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Seares: Here’s probably why Leni Robredo took the job despite dire warnings

new sense

A trap, a honey-trap but still a trap. And she would be “the scapegoat” when President Rodrigo Duterte’s candidate would face the 2022 election.

That has been the repeated warning.

Liberal Party. Other opposition groups. Critics of various stripes and voices. They all rang alarm bells, saying: Don’t be naïve, don’t be a sucker, Vice President Leni Robredo.

Even Robredo’s clutch of advisers expressed doubts.

Last Monday, a day before Malacañang announced on Nov. 4 her appointment as co-chairperson of the Inter-agency Committee on Anti-Illegal Drugs (Icad), the VP’s spokesman rejected the offer.

Yet Leni eventually accepted, sauntering into what could be a trap, seemingly prepared to be a scapegoat.

Peg for acceptance

She found a noble-sounding purpose on which to peg her acceptance: If she could save one innocent person from being killed in the campaign against illegal drugs, it would be worth it.

That produced a stirring sound bite but she could be just sounding gutsy. Yet she might truly believe she could do something more meaningful and bigger than her present social work, making herself relevant while pondering on the state of the President’s health.

‘Golden moment’

Administration supporters helped in greasing the groove of the Robredo decision. They call it her “golden moment,” the “ladder to the presidency.” Unwittingly, they could be helping her profit from the appointment, whether she’d be President or not.

Which must have prompted Leni to take the path forbidden by her advisers: The opportunity of doing real work during her term and removing the “spare tire” label that has stuck to her office since June 30, 2016.

But what if it would be a dud because, as feared by her advisers, she could be denied the power to make changes in the drug campaign, sabotaged or even shabbily removed from the Cabinet again? The promised full control might not be given.

Could still get out

Look though: She has not yet assumed office. She still has to take and sign her oath as drug czar or czarina (as one news outlet put it). She still had to talk with the President and see what she could do with what authority. Duterte’s appointment didn’t have the specifics. And the inter-agency committee created by an earlier order didn’t cover a situation where there are two co-chairpersons.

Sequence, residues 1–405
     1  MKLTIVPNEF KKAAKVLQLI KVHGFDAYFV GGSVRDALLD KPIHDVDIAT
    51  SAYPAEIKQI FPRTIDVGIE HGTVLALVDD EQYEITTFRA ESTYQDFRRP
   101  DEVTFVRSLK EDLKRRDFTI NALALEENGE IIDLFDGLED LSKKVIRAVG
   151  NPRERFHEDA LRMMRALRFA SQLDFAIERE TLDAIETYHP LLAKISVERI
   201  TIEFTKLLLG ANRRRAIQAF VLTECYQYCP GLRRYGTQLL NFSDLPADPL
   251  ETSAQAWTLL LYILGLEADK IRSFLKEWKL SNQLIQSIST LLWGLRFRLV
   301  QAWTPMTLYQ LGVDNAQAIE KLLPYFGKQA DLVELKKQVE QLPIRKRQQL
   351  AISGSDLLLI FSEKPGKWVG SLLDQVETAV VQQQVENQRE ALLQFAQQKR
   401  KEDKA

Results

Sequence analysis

Talk about her specific powers has been mostly speculative. Presidential Spokesman Salvador Panelo hedged on persistent questions about Robredo’s powers by saying she and the President still had to talk.

She could still get out. She merely has a foot at the door.

Or, if the job conditions and guarantees would satisfy her, she could start her work. She could specify her own expectations and goals. She wouldn’t have to do another Duterte by promising to lick the problem in three to six months or up to the end of her term.

She could be more prudent by specifying what success or failure would mean. Even now, both the Duterte and Robredo camps quarrel on the meaning of failure. Although the President on a number of occasions owned up failure, his communicators disagree and insist on success, a position contradicted by the offer for Robredo to help.

Would she be only helping?

Apparently, she would be be just helping as she is a co-chairperson, not the top honcho. PDEA chief Aaron Aquino, who famously predicted Leni would fail, suggested that she could spend her energy on “rehabilitation and reintegration,” which is the last among the four clusters of the inter-agency group’s functions. Enforcement and justice lead the list.

Trap for both

Limited powers could also could limit her responsibility. The blame wouldn’t be entirely hers.

Is it a trap then for Robredo? Could be. But it would be a a trap that might snag the administration as well. Instead of making Leni the scapegoat and marginalizing her as a threat to Sara Duterte-Carpio in the next presidential election, it could give Robredo the chance to shine, re-claiming the stage and limelight taken away from her when she was stripped of her Cabinet post.

Here and now, she could still walk away if the fears of her advisers would turn out to be true. Or she could bravely go in, but with modest goals and expectations defined and clarified to dispel illusions about what she could accomplish.


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